My high school did not have a football team, nor did it have cheerleaders. The closest thing we had to a pep rally was Blue and Gold Week, a celebration of school spirit and the seniors, who were six months away from graduation. Following winter break, my school had its version of homecoming where alumni would come back for an advice panel, snacks, and a basketball game. This January I will return to homecoming for the third time as an alumnus, and I am excited to share my college experience with students and parents who are about to embark on their own college journeys and post-high school careers.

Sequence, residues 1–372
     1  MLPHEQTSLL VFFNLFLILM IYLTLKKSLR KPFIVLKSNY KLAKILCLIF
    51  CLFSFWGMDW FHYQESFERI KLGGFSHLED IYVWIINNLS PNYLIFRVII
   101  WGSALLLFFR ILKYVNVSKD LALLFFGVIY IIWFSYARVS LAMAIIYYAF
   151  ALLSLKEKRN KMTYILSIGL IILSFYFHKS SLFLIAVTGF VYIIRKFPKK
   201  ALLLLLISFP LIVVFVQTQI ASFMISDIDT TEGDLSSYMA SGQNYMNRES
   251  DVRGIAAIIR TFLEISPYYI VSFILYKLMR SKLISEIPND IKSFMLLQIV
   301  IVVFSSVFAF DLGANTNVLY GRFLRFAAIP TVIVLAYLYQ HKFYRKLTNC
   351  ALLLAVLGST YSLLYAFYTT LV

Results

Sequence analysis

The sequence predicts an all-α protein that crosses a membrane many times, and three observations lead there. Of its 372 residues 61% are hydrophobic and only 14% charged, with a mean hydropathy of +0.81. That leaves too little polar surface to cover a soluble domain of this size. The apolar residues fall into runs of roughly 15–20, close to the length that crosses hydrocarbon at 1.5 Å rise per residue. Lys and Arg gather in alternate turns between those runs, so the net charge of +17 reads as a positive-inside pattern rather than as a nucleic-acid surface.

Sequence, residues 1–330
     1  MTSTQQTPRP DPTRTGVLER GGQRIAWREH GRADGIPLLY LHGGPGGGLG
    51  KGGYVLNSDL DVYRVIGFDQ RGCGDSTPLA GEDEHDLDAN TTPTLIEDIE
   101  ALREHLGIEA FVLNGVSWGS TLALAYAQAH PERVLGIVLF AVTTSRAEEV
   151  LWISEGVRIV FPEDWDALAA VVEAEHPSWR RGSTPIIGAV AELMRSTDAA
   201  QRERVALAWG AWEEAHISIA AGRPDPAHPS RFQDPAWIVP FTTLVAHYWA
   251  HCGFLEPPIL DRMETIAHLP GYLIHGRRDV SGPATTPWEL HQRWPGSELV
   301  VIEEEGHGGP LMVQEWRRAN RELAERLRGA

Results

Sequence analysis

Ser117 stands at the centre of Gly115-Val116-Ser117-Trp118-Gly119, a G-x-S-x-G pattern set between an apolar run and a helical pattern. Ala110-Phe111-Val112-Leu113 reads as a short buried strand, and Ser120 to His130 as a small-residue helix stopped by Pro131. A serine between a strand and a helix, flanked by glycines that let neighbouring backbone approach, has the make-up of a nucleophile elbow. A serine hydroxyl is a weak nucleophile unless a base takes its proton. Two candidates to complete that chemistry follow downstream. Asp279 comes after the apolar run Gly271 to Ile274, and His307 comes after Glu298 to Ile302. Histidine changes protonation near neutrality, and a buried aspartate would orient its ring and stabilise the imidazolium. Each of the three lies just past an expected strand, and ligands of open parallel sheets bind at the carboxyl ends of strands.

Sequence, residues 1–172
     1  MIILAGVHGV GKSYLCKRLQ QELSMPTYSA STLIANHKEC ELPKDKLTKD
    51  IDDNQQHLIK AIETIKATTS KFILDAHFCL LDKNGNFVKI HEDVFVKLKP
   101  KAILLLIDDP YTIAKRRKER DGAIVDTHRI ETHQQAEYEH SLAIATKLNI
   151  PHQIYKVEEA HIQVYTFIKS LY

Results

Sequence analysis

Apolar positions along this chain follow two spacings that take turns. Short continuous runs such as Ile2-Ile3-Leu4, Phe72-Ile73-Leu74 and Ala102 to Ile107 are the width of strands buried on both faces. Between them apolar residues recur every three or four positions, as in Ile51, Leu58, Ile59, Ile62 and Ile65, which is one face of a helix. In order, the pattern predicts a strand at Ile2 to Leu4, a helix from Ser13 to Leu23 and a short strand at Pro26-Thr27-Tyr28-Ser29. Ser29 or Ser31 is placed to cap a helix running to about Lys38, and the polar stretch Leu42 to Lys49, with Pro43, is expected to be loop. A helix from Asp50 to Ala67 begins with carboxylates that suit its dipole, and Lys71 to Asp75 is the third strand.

One of the questions parents usually ask is: What have you done to make the college transition easier? By easier, I hope they are referring to the many steps I have taken to ensure success at Conn. Like my small high school, Conn has given me the opportunity to connect with faculty who are dedicated to their students. My answer is simple and often times overlooked, “Those who ask for help will definitely be given it.” The students often groan because their teachers use the word “advocate” way too often, but in some instances hearing this from someone who has been in their shoes resonates with them. With parents in the room, most students are afraid to ask questions about the hardcore issues, such as parties and the social life on college campuses. Nothing is off limits at homecoming, but those who are afraid to speak approach us afterwards. They are smiling at the prospect of graduation, as are we seeing that we’ve left legacies of confidence and success at our alma mater.